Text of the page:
Higher than 150 psi could cause the ball to deform and possibly split at the seam, depending on the quality of the ball. Automags and most other paintball guns don't have to worry about this. Their peak pressure behind the ball never goes above 60psi. That is the pressure at which the ball moves away from the breach. The only way to get a higher pressure impulse, is to have a nonrestrictive method of delivering air. Basically, the air supply in the chamber has to be instantly available behind the ball. That is really hard to do because there is a definate amount of time required to open any valve or port to allow the air to flow. If the port is not fully opened the air flow is restricted and the pressure doesn't reach full value and the ball moves away using a lower pressure. The higher pressure is never realized as the starting pressure is reduced by the ever expanding volume.
    Except for the Automag in front, its usually the man behind the equipment that counts.

  11. #11
    Quote Originally Posted by athomas
    Higher than 150 psi could cause the ball to deform and possibly split at the seam, depending on the quality of the ball. Automags and most other paintball guns don't have to worry about this. Their peak pressure behind the ball never goes above 60psi. That is the pressure at which the ball moves away from the breach. The only way to get a higher pressure impulse, is to have a nonrestrictive method of delivering air. Basically, the air supply in the chamber has to be instantly available behind the ball. That is really hard to do because there is a definate amount of time required to open any valve or port to allow the air to flow. If the port is not fully opened the air flow is restricted and the pressure doesn't reach full value and the ball moves away using a lower pressure. The higher pressure is never realized as the starting pressure is reduced by the ever expanding volume.

    Like I said in my original post, the Goblin markers accelerate paint to 300fps in less than 0.7". The average pressure required to do this is significantly higher than 150psi yet the paint survives. I completely understand why other markers can't do this, but I'm more interested why Tom's data is telling him 150psi breaks balls.

  12. #12
    Any thoughts athomas?

    Maybe newer paint is better?

  13. #13
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    Quote Originally Posted by Poe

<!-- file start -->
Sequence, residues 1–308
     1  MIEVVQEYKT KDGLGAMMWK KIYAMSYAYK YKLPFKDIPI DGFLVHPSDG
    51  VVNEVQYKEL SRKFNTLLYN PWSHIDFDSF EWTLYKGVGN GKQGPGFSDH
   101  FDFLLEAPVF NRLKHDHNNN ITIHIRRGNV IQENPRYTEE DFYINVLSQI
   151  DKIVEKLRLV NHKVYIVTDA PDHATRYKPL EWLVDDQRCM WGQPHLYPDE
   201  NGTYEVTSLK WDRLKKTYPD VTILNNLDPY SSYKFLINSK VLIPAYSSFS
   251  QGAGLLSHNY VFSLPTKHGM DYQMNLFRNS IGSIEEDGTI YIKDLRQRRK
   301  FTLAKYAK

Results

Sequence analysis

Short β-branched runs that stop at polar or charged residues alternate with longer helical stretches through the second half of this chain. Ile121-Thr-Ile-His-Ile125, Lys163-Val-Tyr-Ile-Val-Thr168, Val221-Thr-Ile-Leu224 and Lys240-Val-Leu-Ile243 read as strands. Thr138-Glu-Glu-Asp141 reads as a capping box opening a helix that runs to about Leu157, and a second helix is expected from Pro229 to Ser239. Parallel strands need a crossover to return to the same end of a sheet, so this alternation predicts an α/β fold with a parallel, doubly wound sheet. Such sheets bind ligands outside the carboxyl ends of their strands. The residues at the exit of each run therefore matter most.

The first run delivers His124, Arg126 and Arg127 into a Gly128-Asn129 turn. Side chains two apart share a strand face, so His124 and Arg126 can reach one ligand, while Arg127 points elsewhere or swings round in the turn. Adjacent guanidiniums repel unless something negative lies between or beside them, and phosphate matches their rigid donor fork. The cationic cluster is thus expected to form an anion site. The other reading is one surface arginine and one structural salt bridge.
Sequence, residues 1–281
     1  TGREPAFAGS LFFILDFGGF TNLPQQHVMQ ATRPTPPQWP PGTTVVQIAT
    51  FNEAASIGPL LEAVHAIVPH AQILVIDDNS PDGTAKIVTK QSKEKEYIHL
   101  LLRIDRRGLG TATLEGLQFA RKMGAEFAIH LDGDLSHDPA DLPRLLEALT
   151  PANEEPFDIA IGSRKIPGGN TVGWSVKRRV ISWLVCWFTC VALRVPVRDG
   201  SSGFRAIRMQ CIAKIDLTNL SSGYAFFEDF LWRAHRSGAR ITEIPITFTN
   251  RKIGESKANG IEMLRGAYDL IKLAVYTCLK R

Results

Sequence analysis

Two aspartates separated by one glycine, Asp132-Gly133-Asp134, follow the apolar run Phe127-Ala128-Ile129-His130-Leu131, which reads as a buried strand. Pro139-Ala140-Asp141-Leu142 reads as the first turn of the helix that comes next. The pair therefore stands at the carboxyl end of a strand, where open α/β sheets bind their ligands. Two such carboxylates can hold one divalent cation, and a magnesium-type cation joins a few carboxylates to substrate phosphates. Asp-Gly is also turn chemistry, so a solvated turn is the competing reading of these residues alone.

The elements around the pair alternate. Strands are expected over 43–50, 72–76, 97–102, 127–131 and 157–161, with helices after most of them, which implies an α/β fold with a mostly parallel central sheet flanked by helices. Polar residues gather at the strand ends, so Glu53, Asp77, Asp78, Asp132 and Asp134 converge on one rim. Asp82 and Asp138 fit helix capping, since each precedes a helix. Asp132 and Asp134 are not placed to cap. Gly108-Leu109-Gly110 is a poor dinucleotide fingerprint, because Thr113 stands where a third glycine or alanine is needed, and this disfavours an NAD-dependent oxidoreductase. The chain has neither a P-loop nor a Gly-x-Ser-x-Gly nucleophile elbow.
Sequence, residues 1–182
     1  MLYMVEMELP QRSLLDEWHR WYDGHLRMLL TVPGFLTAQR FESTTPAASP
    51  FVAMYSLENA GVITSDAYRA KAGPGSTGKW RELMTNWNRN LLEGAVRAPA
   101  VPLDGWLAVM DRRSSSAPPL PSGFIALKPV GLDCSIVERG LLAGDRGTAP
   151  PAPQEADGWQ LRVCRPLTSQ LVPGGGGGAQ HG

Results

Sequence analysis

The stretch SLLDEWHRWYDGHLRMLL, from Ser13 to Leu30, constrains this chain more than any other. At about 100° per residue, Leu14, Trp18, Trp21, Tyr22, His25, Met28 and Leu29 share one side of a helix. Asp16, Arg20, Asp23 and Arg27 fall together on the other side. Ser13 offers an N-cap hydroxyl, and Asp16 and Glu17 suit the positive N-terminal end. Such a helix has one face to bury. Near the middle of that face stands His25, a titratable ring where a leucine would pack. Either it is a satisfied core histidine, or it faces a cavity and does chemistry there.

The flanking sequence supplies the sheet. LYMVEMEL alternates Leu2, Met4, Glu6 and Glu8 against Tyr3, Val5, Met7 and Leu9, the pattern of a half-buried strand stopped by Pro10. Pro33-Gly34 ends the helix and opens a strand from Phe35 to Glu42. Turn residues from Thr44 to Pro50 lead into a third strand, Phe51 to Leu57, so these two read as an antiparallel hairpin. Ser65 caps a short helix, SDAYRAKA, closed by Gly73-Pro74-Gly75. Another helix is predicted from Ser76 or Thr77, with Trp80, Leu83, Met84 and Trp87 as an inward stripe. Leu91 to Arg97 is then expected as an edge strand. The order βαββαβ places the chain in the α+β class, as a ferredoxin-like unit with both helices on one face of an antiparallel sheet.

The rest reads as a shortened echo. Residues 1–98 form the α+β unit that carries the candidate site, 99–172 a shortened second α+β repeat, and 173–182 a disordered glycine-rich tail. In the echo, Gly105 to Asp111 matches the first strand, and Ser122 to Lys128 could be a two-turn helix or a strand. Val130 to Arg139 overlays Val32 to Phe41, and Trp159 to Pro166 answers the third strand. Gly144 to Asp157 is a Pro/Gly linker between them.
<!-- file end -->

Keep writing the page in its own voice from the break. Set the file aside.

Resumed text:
Any thoughts athomas?

    Maybe newer paint is better?
    Maybe the goblin is just that awesome?

  14. #14
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    Maybe the lack of a barrel allows the ball to deform without fracturing. I've seen guys shoot automags with 2" barrels before. They worked fine. Actually, a very short barrel is quite accurate. There is less induced spin on the ball to produce curving. They are very inefficient though.

    If I can find my spreadsheet that I did a few years ago, it had all the calculations for accelerating a ball based on an automag chamber size. I would like to run the numbers on a short barrel to see where it falls. I haven't been able to find it. I know its here somewhere though.

  15. #15
    Just throwing this out there to see if my math is correct...

    Assuming an average pressure behind the ball of 150psi and a barrel length of 0.7", the maximum velocity would be 175fps? A 2" barrel would be 300fps?

    Accuracy vs barrel length is interesting. Maybe I'll bring that up on the Punkwork forum. Speaking of which, if you haven't yet visited it's worth a trip.

  16. #16


    While I'm at it...

    Tom,

    When testing spin, what speeds did you test?

  17. #17
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    Quote Originally Posted by Poe
    Just throwing this out there to see if my math is correct...

    Assuming an average pressure behind the ball of 150psi and a barrel length of 0.7", the maximum velocity would be 175fps? A 2" barrel would be 300fps?